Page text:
Excerpt from Tuesday, Monday by Theressa Slind

Natalie and her friends wore stiff neon vests like sandwich boards advertising their faith in finding Bettina, the little girl who’d wandered into the bush three days ago. At least Natalie’s friends had faith—this was their second time through the same field because Morgan had a “good feeling”. They were just a few of the hundreds of volunteers, mostly locals but also people from neighbouring provinces, who’d responded to help in the search. The friends were four abreast, stepping through a field of ripe wheat, and had to shout to hear one another over the wind and susurration of drowsy wheat heads. Natalie’s vest flared out over her belly, and her ankles swelled further with clingy chickweed. Her friends actually thought they were going to find the girl alive, and she’d give them a big hug or something. Like there wasn’t another possibility.

Natalie had learned there were possibilities aplenty. Before she got pregnant the possibilities were few but brilliant: highest graduating mark in school division, scholarship to university, medical school, residency, specialty residency, fulfilling relationship with architect, children optional, half-marathons, wine appreciation, minimally decorated rooms, world travel. All this before thirty. Instead, she was pregnant by way of Andy fucking Gustafson: boy she’d gone to school with since kindergarten, boy who’d hilariously rubbed a powdery marshmallow on his butt in grade five, boy who’d grown disastrously irresistible. Natalie knew the girl, Bettina, was dead. Knew it like she knew Tuesday came after Monday.

Sweat trickled down the aching arch of her lower back into the waistband of her maternity leggings, creating a kind of wet girdle. Uncomfortable, for sure, but better than canning tomatoes with her mother, feeling disappointment as thick and scalding as steam off the canner. Natalie dragged her feet out at the end of the field, shrugged off the vest.

“We’ll find her tomorrow,” said Katie. “She’ll be so happy to see me. I’m her favourite babysitter.”

“You’ve said,” said Natalie who’d never been a popular babysitter. Too serious, didn’t like to play, showed frustration when the kids wouldn’t go to bed and let her get her homework done, children never asked for her. And now, having been irresponsible enough to get pregnant in high school, forget it. As a result, she only knew this Bettina as one of the many little faces tearing around wild-eyed with excitement at community suppers.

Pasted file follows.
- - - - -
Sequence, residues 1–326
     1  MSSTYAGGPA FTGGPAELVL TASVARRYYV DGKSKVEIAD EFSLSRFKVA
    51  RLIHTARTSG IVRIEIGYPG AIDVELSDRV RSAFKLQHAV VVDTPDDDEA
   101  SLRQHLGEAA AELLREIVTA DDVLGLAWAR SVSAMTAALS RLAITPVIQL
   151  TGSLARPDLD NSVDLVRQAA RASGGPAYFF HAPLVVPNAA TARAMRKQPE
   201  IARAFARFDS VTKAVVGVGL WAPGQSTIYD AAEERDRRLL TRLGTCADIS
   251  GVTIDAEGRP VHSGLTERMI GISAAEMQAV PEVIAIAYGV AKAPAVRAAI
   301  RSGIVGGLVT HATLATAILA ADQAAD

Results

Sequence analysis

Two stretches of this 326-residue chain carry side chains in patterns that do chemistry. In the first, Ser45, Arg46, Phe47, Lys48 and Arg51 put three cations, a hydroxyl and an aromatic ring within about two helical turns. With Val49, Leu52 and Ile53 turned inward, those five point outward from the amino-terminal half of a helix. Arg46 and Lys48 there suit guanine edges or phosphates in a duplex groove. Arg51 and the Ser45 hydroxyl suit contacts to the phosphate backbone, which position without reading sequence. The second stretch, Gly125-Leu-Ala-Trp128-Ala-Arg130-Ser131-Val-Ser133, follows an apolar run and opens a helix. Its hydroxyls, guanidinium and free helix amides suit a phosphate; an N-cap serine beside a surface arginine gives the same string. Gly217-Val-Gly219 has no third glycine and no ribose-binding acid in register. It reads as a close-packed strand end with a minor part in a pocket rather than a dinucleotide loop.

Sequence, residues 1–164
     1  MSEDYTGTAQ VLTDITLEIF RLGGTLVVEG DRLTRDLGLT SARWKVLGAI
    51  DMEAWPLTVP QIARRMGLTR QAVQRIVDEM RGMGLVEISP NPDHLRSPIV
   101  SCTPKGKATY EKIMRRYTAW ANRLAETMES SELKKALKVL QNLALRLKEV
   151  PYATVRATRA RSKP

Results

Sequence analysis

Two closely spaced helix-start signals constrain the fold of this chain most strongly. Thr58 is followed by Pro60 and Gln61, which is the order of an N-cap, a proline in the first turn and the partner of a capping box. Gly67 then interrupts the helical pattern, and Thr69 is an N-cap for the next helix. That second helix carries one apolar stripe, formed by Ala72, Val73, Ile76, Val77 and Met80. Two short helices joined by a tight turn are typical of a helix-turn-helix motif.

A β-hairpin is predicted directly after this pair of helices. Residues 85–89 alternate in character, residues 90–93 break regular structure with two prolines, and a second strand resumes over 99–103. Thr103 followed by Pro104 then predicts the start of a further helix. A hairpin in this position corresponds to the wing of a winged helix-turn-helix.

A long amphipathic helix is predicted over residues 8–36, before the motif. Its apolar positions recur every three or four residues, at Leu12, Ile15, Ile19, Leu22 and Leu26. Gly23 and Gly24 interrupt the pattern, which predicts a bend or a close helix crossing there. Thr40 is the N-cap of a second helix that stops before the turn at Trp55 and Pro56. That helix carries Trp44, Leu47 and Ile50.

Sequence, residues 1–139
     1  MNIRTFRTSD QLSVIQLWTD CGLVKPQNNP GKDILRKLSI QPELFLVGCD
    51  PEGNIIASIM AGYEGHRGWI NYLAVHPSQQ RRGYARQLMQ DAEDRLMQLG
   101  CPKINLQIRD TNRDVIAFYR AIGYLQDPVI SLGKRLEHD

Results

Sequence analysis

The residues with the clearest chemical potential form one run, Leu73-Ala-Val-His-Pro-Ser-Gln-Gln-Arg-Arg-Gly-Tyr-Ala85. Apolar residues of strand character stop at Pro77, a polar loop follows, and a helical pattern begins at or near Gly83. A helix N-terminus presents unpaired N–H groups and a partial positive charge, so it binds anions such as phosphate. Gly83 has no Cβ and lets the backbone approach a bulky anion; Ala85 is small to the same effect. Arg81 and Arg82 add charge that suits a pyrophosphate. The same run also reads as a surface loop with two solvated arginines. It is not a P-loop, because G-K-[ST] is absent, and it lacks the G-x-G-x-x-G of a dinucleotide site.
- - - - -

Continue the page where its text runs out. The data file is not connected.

“Natalie-Fellatalie!” said Christian who’d remained his old, vulgar self around Natalie, which she appreciated. “Want a ride home?”

“I’ll walk, but, here, take this.” She handed him the vest.

“You sure?” shouted Morgan as she raced Katie to the car to claim shotgun.

“I can’t spend another minute with World’s Greatest Babysitter,” said Natalie, the truth of it carried away on the wind along with the absurd thought that soon she might need Katie to babysit. The sun was low and in Natalie’s eyes. The weight on her pelvis made her legs feel squashed. She already regretted turning down the ride, but there was no way she was going to chase after them, and she couldn’t turn back time: not one minute, not eight-and-a-half months. She called out, “And I don’t collect stamps anymore, Christian.”

Their old joke sounded stale, and she heard Katie’s unmistakable, “Awkward.” Katie was right. Natalie was awkward, and not just socially. She waddled up from the ditch onto the gravel road and inhaled the dust kicked up by her friends’ departing car. Then a red truck with an out-of-province licence plate sped by in the direction of her parents’ farm, fishtailing to a stop half a kilometre away. A man jumped out and ran into the bush bordering a harvested field. Whatever. People were acting weird these days.

She yarded on her leggings and started walking along the side of the road, reflexively checking her dead phone for a message from Andy. He was harvesting with his dad, making an effort to learn the business so he could “support the baby” after he graduated. He actually had a plan, but the thought of living in the old farmhouse Andy’s family normally rented to their hired men made Natalie want to cry. Though it was certainly minimally decorated—the only thing on the walls was a faded Playboy calendar stuck on September 1987 Playmate of the Month, Gwen Hajek—it didn’t exactly have the Scandinavian vibe Natalie dreamt of. In that old farmhouse she’d become as stuck in time as poor, naked Gwen.


This story was originally published in subTerrain, vol 8, issue 30, 2018.

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